Most sites fall into either table or tableless types, where the former obviously use HTML tables and the latter rely upon CSS to fix the position of elements. Additionally, sites layouts are frequently indicated as being either fixed, meaning that the column widths and position are static, or fluid, meaning that the layout changes size whenever the screen width is increased or decreased. Drupal 5 has more than 220 themes defined, while Drupal 6 has about 60 (though these numbers may change by the time you read this article), and as with modules, your choice of theme should generally be dictated by your particular requirements.
One of my personal favorite themes is the LiteJazz theme, which is a fluid, CSS-based format that has a nice color balance, makes effective use of the primary and secondary menus, and has a number of zones or divisions to allow for fine grain layouts. The Zen theme is a good starter kit if you are looking at creating your own themes (ultimately recommended, but get some experience with the way that Drupal works first). Newswire is good for news-centric sites (and reminds me a lot of the older O'Reilly layout), while themes such as Tendu, Sky, Pixture and others tend to reflect the rounded edge, minimalist designed themes that seem to be considered the model aesthetic in this day and age.
About Drupal URLs
One of the more useful aspects about Drupal is its intuitive URL system. Drupal works in part because it is a very RESTful system - it's designed around the concept that URLs should have a strong correlation with resources and that there should be as little "RPC"-like characteristics within the URLs as possible. To that end, most web pages are specified by a single query parameter (named "q") that points to respective resources. For instance, the first node page that's defined in the system would be qiven as mysite?q=node/1, the second would be mysite?q=node/2 and so forth.
However, this system is also considerably more powerful than may appear on the surface because the query URL can pass considerably more sophisticated information. For instance, if you wanted to add a new blog post, the URL for that post would be ?q=node/add/blog , while editing that same post (if it were the third node listed) would be given as ?q=node/3/edit. This notation is carried further in the case of adnimistration pages - the module page is given as ?q=admin/build/modules, while the page for reviewing the content that a given user has created is ?q=admin/content/nodes.
This capability is augmented in Drupal by the Path module (part of the core Drupal module set). Path lets users assign their own URLs to various pages, so that you can create specialized entries based upon your own URL scheme. Views are able to parse these paths as well, which means that if you create a page with the URL members that lists all of the members in a given grouping, then you can also create a URL members/jane_doe that would specifically bring up a members page for that one person using a filtered view, with jane_doe being passed as a parameter.Similarly, you can use the Pathauto extension module in order to use the title of an article (or some shortened form thereof) to automatically assign a title.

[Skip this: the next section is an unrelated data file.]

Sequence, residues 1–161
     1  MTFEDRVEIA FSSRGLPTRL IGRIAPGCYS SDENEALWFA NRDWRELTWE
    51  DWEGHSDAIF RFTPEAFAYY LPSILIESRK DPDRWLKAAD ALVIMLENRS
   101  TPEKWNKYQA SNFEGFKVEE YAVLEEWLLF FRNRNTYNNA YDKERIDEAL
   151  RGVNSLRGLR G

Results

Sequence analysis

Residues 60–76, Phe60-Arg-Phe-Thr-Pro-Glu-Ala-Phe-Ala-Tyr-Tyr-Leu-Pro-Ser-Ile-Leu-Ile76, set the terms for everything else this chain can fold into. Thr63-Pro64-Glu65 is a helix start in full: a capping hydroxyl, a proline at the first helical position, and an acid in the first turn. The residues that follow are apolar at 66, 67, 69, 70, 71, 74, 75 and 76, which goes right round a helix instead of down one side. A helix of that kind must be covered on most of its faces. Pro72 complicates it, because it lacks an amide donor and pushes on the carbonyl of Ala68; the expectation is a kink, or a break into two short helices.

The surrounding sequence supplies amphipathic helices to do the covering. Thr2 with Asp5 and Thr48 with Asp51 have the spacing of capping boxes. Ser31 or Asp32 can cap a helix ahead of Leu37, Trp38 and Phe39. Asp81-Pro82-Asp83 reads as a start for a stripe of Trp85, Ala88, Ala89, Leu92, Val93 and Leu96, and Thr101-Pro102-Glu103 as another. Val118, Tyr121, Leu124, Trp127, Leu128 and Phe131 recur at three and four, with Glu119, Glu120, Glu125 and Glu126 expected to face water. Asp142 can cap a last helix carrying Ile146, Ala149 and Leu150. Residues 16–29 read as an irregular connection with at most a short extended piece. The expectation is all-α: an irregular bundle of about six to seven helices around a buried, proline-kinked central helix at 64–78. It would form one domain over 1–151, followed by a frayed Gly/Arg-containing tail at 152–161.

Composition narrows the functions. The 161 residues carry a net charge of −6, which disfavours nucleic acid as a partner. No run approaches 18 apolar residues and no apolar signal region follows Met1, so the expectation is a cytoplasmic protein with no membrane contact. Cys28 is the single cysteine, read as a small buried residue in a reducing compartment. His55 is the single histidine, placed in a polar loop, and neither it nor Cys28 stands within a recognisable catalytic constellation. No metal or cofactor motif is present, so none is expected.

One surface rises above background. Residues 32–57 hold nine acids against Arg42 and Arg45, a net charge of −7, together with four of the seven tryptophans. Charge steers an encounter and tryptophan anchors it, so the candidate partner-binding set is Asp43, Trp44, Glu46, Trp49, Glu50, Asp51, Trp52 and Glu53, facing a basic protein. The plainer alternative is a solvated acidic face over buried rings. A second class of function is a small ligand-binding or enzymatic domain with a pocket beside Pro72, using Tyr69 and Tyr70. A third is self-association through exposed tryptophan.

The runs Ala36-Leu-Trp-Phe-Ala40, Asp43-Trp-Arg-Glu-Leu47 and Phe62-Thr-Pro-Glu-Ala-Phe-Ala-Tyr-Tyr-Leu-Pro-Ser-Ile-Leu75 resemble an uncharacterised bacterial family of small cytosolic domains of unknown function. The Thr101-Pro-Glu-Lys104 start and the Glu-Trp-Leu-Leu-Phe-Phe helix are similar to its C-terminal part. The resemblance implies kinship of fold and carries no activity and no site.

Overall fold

Moreover, these path aliases do not eliminate the normal node numbering URL which is assigned as a permanent (and non-collisional) URL for the resource. Thus, the page members/jane_doe would still have a permanent URI assigned the moment that the page itself is instantiated once (for instance, if this was node 125, then the page would also have the URL node/125). This makes it far easier to create archival entries, and to create permalinks.
Taking the Next Step
Drupal has a reputation for being fairly complex and difficult to learn, though this tends to be true for most flexible systems. It's not a completely unfair statement - while creating an out of box site is reasonably simple (and can usually be accomplished in as little as an hour) creating a full community employing a hundred or more modules can be a fairly significant undertaking. On the other hand, one of the real strengths of Drupal is that you can "evolve" the site ... adding a certain amount of new functionality until you have something that you feel comfortable with, then expanding upon that over time. Additionally, it is possible to build a distributed Drupal site that can actually span multiple systems with the alias and redirect capabilities.